As protests erupt around the country over the death of 46-year-old African-American George Floyd in Minneapolis this week, President Trump on Saturday blamed Antifa and the “radical left” for stirring unrest. Antifa is a left-wing, anti-fascist movement, with activists sometimes engaging in property damage, physical violence and harassment to achieve certain political goals.

Protesters have taken to the streets to express their indignation about Floyd, who died on Monday after a white police officer kneeled on his neck for almost nine minutes. So far, the officer, Derek Chauvin, has been arrested on charges of third-degree murder and second-degree manslaughter, but three other officers on the scene have not been charged.

“These are ‘Organized Groups’ that have nothing to do with George Floyd. Sad!” Trump tweeted about the demonstrations. “It’s ANTIFA and the Radical Left. Don’t lay the blame on others!”

In one tweet, Trump echoed a statement from Minnesota Gov. Tim Walz  estimating that 80% of the protesters in Minneapolis on Friday night came from out of state. Journalist Theo Keith at Minneapolis’ Fox 9 news station has reported that most of the arrests on Friday night and Saturday morning were individuals with local Minnesota addresses.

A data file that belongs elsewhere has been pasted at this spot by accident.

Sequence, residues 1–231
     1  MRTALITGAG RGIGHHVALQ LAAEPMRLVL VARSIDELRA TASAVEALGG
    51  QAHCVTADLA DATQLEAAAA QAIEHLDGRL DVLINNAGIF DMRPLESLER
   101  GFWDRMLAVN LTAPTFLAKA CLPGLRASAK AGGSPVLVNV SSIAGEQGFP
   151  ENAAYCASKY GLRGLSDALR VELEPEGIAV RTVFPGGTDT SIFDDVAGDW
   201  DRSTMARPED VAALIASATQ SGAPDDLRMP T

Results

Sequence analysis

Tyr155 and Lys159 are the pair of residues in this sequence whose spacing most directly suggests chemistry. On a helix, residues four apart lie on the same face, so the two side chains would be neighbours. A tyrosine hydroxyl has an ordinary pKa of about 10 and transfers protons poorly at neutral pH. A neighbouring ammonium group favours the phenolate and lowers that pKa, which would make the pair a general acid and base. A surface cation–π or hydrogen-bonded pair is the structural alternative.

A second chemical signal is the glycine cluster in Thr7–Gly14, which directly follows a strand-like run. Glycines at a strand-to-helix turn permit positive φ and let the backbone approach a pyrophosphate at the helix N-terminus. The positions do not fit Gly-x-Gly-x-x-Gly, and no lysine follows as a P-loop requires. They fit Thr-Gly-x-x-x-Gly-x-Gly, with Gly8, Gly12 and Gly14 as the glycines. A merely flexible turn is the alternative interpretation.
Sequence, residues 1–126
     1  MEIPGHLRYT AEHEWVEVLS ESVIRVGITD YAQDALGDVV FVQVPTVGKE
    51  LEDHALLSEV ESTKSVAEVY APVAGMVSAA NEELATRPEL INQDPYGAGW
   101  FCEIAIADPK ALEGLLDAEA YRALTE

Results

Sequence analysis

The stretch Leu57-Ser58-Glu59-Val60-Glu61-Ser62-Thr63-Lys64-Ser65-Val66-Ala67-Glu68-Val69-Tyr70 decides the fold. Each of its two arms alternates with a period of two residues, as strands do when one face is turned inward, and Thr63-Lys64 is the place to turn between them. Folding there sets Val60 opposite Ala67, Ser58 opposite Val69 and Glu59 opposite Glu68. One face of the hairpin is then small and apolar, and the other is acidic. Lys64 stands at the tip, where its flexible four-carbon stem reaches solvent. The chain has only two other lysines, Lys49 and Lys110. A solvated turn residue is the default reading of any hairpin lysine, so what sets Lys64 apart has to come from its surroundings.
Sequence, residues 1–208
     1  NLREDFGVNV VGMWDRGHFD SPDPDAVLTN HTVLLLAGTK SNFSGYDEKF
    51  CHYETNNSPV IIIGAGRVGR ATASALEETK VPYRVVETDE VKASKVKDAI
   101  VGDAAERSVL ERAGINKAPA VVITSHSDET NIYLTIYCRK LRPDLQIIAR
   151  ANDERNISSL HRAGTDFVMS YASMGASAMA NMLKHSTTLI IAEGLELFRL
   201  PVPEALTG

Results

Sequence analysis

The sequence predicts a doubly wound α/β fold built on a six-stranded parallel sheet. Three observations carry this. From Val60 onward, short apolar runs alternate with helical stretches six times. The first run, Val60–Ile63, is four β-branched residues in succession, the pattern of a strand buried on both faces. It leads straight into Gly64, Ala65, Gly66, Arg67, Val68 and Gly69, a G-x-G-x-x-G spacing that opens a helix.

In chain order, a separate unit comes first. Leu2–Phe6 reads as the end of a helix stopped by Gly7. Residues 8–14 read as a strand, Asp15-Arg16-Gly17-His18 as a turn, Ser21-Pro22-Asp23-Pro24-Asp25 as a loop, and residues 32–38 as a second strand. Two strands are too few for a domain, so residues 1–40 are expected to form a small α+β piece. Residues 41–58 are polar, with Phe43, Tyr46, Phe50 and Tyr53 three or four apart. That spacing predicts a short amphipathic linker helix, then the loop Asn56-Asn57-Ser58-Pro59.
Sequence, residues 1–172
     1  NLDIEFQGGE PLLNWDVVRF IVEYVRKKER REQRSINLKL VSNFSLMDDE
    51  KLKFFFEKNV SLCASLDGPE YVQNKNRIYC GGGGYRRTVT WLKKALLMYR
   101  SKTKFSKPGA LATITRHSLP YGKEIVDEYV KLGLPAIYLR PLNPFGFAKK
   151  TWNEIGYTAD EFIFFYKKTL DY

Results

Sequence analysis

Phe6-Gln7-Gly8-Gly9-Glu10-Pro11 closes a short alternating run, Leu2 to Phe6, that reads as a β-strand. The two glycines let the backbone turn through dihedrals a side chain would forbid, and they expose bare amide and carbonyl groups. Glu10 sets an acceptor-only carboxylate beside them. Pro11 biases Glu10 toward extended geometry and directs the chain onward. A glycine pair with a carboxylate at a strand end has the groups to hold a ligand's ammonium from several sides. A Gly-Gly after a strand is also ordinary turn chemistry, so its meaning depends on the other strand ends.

Attorney General William Barr said Saturday that the Department of Justice would not shy away from prosecuting protesters who cross state lines. He blamed “far-left extremist groups” for the violence.

"Unfortunately, with the rioting that is occurring in many of our cities around the country, the voices of peaceful protests are being hijacked by violent radical elements," Barr said. "In many places it appears the violence is planned, organized, and driven by far left extremist groups and anarchic groups using Antifa-like tactics.

Some public officials have said other forces could be encouraging violence and looting during the demonstrations.

Minnesota Department of Safety Commissioner John Harrington has said there is evidence of white supremacists inciting violence at the protests. Sen. Marco Rubio, R-Fla., tweeted that at least three foreign adversaries on social media are stoking racial divisions in the U.S. 

The demonstrations could be exacerbated by rising unemployment amid the ongoing coronavirus pandemic. According to the Department of Labor, more than 40.8 million Americans have filed unemployment claims since mid-March.